Notes On Consumer Affairs
You have probably heard that switching from incandescent light bulbs to energy-efficient compact fluorescent light bulbs (CFLs) can save you money on your energy bill. In fact, compared to incandescent bulbs, CFL bulbs can last six times as long and use about seventy-five percent less energy, resulting in an estimated thirty dollars in savings in electricity costs over the lifetime of the bulb.
The benefits of CFLs are clear, but what happens when a bulb breaks or burns out? Since CFLs contain a small amount of mercury, they need to be handled and disposed of properly. In order to help protect the environment and your health, keep the following tips in mind when using and disposing of CFLs or any fluorescent lighting.
CFLs are safe, good for the environment and your wallet. With that said, care should be taken when installing or replacing CFLs. Be sure to screw and unscrew the light bulb by holding its base, as opposed to the glass portion, and avoid forcefully twisting the CFL into a light socket.
In the event that a CFL breaks in your home, use the cleanup procedure recommended by the Environmental Protection Agency (EPA), which is
available at: http://www. epa. gov/mercury/spills/ind ex.htm#flourescent, or by calling the EPA's Region 2 Headquarters at 212-637- 3660. The recommended cleanup procedure for a broken CFL varies depending on the type of surface upon which the spill occurs. The first step for all spills is to air outthe room.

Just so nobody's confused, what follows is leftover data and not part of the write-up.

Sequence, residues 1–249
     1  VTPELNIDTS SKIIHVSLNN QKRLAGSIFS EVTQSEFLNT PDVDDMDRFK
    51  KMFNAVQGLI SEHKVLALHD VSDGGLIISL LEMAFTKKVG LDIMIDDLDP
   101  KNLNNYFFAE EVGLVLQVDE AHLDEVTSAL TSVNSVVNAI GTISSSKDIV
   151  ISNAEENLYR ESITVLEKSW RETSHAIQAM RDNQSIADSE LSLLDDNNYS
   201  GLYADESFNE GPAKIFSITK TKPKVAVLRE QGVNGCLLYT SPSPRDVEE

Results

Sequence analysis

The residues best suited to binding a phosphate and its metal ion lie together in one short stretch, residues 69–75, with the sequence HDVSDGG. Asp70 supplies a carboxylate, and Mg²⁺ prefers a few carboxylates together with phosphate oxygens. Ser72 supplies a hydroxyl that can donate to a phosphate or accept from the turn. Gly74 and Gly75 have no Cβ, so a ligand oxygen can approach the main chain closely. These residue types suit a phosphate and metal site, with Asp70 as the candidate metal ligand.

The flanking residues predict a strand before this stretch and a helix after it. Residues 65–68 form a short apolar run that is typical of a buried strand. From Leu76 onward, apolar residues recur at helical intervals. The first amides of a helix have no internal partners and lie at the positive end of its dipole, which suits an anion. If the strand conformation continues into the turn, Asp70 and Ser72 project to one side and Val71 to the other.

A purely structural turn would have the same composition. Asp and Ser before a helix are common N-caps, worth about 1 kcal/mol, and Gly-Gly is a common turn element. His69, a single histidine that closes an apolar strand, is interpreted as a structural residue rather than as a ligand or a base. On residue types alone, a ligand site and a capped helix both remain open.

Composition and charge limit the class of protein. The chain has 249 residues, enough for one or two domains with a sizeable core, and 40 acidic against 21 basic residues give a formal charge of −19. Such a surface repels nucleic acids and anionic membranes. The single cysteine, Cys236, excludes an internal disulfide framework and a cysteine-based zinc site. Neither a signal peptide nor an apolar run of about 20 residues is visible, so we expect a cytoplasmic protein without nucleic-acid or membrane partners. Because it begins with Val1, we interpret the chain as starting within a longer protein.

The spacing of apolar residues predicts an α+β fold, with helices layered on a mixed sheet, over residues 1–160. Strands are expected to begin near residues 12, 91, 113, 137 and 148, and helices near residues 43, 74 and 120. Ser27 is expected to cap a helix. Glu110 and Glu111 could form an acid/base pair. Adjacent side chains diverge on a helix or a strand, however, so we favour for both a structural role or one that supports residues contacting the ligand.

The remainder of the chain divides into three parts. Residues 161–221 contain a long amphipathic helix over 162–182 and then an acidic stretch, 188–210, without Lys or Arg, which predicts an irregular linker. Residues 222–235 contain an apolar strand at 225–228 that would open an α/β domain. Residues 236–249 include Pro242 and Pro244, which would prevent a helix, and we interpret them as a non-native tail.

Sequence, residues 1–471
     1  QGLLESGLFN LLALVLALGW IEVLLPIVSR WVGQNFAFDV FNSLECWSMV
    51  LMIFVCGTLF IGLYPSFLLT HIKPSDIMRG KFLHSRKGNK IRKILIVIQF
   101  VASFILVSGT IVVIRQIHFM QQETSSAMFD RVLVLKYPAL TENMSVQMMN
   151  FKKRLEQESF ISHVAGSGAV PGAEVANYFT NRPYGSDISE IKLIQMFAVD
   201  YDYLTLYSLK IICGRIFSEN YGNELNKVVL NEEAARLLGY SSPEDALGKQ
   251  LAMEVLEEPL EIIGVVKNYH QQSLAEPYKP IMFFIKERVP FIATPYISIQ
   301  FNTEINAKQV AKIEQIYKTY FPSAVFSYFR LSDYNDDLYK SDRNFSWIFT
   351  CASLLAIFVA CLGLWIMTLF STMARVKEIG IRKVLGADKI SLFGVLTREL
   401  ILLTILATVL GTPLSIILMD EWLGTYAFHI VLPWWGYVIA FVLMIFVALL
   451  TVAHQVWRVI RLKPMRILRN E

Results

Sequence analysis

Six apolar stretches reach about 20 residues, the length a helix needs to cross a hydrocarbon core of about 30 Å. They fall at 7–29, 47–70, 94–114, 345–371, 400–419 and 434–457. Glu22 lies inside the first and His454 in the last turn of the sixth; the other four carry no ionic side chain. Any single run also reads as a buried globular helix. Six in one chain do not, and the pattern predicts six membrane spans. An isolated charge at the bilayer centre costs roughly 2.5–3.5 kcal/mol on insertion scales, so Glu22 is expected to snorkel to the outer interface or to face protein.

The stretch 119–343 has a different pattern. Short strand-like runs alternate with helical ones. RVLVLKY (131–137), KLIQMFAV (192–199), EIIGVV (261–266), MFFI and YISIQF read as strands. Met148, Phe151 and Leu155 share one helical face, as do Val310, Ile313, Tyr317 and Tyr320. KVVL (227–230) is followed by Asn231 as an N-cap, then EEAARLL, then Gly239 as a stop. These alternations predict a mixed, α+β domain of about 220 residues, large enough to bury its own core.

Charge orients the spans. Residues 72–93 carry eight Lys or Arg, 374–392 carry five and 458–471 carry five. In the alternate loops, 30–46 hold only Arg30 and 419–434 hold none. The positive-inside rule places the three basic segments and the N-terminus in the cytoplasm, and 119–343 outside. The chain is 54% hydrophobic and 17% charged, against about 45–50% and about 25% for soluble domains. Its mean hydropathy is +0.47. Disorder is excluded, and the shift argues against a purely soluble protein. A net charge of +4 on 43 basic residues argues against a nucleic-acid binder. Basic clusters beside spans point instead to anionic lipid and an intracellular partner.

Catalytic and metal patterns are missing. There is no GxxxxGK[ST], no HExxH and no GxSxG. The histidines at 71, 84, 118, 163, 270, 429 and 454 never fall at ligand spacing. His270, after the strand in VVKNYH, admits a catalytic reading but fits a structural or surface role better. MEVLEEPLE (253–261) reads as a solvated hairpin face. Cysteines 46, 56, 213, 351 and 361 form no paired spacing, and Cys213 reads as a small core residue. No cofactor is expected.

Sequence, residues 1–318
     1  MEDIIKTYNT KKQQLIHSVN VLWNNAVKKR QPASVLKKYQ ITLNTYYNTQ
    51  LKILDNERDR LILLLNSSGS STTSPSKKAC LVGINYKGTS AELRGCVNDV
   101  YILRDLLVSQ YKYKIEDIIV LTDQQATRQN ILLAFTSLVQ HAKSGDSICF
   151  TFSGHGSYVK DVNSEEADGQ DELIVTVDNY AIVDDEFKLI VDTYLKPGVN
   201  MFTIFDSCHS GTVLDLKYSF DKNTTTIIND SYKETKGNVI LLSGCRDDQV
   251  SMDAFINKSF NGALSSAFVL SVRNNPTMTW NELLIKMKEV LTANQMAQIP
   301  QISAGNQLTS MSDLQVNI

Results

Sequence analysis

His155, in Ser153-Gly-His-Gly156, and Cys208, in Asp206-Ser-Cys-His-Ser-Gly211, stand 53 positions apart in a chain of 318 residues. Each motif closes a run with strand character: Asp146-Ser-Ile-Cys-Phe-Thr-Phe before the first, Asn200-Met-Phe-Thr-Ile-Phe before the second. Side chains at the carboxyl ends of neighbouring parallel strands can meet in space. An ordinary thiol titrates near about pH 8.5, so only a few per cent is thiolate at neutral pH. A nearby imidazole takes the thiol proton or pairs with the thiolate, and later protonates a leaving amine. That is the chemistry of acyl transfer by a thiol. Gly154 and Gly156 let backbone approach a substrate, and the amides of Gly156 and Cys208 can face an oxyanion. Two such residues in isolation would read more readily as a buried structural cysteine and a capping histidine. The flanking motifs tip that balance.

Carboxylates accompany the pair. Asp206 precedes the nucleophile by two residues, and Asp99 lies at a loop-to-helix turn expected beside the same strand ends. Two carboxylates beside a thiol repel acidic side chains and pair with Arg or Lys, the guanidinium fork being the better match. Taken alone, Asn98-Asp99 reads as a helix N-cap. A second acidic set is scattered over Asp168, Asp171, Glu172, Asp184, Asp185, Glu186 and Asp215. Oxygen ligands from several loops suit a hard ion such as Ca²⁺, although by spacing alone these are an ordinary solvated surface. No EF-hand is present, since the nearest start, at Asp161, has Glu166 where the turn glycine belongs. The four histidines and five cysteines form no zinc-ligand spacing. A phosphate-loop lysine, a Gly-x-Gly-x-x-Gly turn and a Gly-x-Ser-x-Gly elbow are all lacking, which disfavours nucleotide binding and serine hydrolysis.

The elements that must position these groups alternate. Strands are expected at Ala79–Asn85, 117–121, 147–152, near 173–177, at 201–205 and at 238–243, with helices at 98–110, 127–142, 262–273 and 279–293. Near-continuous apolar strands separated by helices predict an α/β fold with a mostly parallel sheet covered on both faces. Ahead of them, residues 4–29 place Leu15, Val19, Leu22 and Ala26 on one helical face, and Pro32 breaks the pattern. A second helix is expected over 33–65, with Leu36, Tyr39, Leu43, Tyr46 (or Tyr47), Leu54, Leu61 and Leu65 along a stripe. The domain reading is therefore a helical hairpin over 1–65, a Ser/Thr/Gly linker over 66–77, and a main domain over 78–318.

For spills occurring on hard surfaces, the EPA recommends that you avoiding vacuuming, while for spills that occur on carpeting or rug, if you are unable to pick up all visible glass fragments and powder using gloves or sticky tape, vacuuming is acceptable. The EPA recommendations also contain specific instructions for cleaning up broken CFLs that have come into contact with clothing, bedding and other soft materials.
You've enjoyed the light and savings of a CFL for seven, ten, or even twelve years when the bulb burns out. Now what? In New York City, residents are encouraged to drop off burned out CFLs at one of the Department of Sanitation's Special Waste Drop-Off Sites. The Drop-Off Site for Queens is located at College Point at 30th Avenue, between 120 and 122 Streets (See http://www.nyc.gov/html/nyc waste less/html/athome/specialwaste.shtml for more information). You may also drop off CFLs at any Home Depot or IKEA location for recycling at no charge.
If you must dispose of household CFLs in the trash, the Department of Sanitation asks that you double bag them in order to prevent injury to sanitation workers.
For more information about recycling potentially hazardous household products, you may want to visit the EPA's recycling website at: http://www. epa.gov/osw/conserve/rrr/recycle.htm. If you are unsure about how to properly dispose of a particular type of household waste, you can visit the New York City Department of Sanitations' Household Waste Disposal Website at: http://www.nyc.gov/html/dsny/html/ faq/dispose_a-g.shtml for the answer.